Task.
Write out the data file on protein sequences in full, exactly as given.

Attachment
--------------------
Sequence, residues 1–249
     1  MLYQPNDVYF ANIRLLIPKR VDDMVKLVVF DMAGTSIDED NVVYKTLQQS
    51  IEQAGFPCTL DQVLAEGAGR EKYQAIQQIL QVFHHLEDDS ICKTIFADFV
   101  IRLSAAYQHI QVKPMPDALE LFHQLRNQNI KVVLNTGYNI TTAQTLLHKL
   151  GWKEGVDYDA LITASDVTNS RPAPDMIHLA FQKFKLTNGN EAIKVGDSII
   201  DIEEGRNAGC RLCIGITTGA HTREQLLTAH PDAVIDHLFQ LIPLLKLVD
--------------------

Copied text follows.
Sequence, residues 1–249
     1  MLYQPNDVYF ANIRLLIPKR VDDMVKLVVF DMAGTSIDED NVVYKTLQQS
    51  IEQAGFPCTL DQVLAEGAGR EKYQAIQQIL QVFHHLEDDS ICKTIFADFV
   101  IRLSAAYQHI QVKPMPDALE LFHQLRNQNI KVVLNTGYNI TTAQTLLHKL
   151  GWKEGVDYDA LITASDVTNS RPAPDMIHLA FQKFKLTNGN EAIKVGDSII
   201  DIEEGRNAGC RLCIGITTGA HTREQLLTAH PDAVIDHLFQ LIPLLKLVD